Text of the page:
How Savvy Entrepreneurs Identify Business Opportunities
by Mashum Mollah Entrepreneurship 04 May 2020
It’s a good time to be an entrepreneur for those who have done their due diligence, have solid business plans and the capital to make sure the business can survive those all-important first few years. With an innovative idea, hard work, a great value proposition, proper financing, dedicated employees, a need in the marketplace, and some luck, those with determination and drive can launch a new company or buy an existing one and push it toward success.
Many people dream of being self-employed. Often, though, the sticking point is what product or service to offer. In some cases, a new idea will manifest itself. For most, though, there’s a problem that needs to be solved. Look around the marketplace and you’ll see all kinds of things that were borne out of a need to make something easier, faster, or more efficient.
This idea is echoed by Raffi Amit, a professor of management at the Wharton University of Pennsylvania. “Clearly, when you see inefficiency in the market, and you have an idea of how to correct that inefficiency, and you have the resources and capability—or at least the ability to bring together the resources and capability needed to correct that inefficiency—that could be a very interesting business idea,” says Amit. “In addition, if you see a product or service that is being consumed in one market, that product is not available in your market, you could perhaps import that product or service, and start that business in your home country.”
Most successful entrepreneurs will agree that problems lead to solutions. There’s always something out there that will improve lives. It just has to be figured out.
“Any business opportunity that comes my way, I look to the DNA of the problem and where the opportunity stems from,” says Mark Mastandrea, co-founder of Ikonick, a company that sells wall art to businesses and households. “I dig into the problems that have created those opportunities, to figure out if I can provide the proper solutions to those problems. If so, I act quickly and move fast on seeing where I can create value and potentially be involved in the project.”
In today’s fast-paced world, problems, and opportunities abound. And when they’re identified, the savviest business minds find ways to build businesses around them.
One opportunity on which many entrepreneurs are identifying ways to capitalize is sourcing and merchandising medical and recreational cannabis.
George Scorsis, who left his longtime role as a successful executive in the energy drink industry, now serves as executive chair of the board of WeedMD, a government-licensed producer of cannabis-based in Ontario. His company, a recent startup with a 158-acre state-of-the-art greenhouse and 26,000-square-foot production facility, is poised for success in today’s economy. In fact, WeedMD recently purchased another licensed facility and has expanded its multi-channel distribution strategy that includes an exclusive medical platform that addresses the needs of labourers who now have medical cannabis available to assist with a multitude of conditions including pain.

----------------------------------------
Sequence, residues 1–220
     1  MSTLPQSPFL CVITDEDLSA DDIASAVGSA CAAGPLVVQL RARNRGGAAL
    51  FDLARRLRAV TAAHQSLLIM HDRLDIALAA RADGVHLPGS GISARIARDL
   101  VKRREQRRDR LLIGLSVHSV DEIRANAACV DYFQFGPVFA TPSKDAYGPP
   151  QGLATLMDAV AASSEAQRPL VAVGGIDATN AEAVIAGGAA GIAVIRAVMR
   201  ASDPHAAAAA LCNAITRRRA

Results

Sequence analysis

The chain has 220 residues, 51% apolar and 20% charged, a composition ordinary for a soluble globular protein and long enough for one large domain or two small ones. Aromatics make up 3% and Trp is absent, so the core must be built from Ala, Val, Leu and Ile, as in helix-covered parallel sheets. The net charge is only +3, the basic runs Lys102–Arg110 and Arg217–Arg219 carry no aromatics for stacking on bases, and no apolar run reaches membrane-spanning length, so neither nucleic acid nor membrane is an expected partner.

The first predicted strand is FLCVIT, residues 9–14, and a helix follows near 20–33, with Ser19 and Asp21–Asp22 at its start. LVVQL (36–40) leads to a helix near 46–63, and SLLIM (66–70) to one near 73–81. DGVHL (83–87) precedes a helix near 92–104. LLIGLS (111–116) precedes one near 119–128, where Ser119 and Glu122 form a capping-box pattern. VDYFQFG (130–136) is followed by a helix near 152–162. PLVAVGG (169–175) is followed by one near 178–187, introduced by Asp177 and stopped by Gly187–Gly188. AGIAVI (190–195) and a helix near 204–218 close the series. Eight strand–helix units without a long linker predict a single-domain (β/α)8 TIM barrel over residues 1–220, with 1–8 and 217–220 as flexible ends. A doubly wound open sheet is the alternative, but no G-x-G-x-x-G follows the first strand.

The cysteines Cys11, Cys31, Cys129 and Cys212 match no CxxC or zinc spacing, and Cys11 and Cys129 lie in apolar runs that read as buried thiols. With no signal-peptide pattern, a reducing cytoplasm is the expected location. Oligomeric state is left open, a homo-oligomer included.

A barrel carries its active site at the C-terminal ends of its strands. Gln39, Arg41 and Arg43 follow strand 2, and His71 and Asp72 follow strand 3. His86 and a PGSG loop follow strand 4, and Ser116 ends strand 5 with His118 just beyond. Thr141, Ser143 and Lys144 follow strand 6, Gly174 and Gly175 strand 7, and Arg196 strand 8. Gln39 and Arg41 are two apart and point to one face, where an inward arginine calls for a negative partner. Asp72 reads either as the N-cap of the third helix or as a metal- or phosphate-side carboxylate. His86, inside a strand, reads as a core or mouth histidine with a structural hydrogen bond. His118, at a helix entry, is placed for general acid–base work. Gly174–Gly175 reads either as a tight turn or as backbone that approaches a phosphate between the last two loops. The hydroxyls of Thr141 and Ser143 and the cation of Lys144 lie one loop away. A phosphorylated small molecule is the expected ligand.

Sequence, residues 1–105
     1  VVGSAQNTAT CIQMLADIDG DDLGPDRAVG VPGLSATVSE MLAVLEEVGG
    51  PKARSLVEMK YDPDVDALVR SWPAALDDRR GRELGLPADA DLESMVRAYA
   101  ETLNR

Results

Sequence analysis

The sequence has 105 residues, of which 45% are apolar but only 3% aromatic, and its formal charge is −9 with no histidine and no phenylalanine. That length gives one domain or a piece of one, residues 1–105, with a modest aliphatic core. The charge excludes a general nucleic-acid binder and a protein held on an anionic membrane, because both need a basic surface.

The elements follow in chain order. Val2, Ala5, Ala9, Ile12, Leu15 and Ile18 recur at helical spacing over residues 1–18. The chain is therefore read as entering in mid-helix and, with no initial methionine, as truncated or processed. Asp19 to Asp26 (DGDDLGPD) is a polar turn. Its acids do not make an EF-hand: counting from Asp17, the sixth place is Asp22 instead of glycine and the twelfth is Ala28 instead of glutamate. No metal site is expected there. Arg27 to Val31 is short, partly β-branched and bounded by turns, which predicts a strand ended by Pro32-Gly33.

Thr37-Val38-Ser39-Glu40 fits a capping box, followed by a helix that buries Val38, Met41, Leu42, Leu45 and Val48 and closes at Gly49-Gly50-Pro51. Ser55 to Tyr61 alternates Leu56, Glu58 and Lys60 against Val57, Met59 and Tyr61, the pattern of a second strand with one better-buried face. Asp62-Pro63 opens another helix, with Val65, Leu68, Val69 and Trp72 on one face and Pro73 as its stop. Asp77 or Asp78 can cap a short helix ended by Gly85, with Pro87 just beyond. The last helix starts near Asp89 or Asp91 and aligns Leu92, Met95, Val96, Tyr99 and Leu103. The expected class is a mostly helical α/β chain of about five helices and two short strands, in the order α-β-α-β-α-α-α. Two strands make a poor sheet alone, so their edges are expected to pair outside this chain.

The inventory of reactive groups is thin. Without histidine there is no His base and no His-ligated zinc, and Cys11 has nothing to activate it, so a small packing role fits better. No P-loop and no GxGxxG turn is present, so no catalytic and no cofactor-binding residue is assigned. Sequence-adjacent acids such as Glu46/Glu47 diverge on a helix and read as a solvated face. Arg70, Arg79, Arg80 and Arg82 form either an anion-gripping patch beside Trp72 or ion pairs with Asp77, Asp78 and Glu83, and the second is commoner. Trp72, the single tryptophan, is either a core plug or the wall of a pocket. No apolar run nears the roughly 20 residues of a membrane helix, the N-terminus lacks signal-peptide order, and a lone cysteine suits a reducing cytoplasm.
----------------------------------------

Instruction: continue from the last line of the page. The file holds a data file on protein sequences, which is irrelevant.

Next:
“Due to the stigma quickly changing, many medical professionals are now endorsing cannabis, while many patients are enthusiastically touting its analgesic properties. Countless dispensaries and retail outlets are cropping up in places where recreational use is now legal, the industry is really enjoying a boom,” says Scorsis. “It wasn’t that long ago that traditional medical providers and complementary healthcare practitioners didn’t see eye-to-eye. Fortunately, that changed. The same thing is starting to happen now with medical marijuana, possible because of the widespread use of CBD paved the way. Pain relief is pain relief, and if that relief comes from a natural and organic source, so much the better.”
Sometimes new business opportunities are right in front of you.
Just ask Geoffrey Leslie, CEO, and president of Screams, a company that builds a clean, energy-generating device that powers appliances in both homes and businesses. The device has the potential to change how people use electricity through the affordable, self-sustaining electricity it offers. According to Leslie, “So many of the best ideas come from our own personal observations, but to obtain these insights, you have to get out in the community.”
So how can you identify where problems, as well as business opportunities, might exist? There’s always a personal experience. What have you done or used lately that didn’t live up to its promise? Atlanta entrepreneur Sara Blakely launched her wildly successful company Spanx after devising her own one-off solution to eliminate panty lines. You can also ask your friends and family members or simply observe and listen to them.
The website Startup Commons recommends looking online. “Check out the top-funded Kickstarter projects,” reads an article on the site. “Which projects are getting the most crowdfunding? What types of concepts/industries are most popular? This gives you a good idea of where consumer demand is beginning to well up.
In short, keep your eyes open, ask questions, and figure out what’s not working for you. Then, improve it with your own solution and take it to market.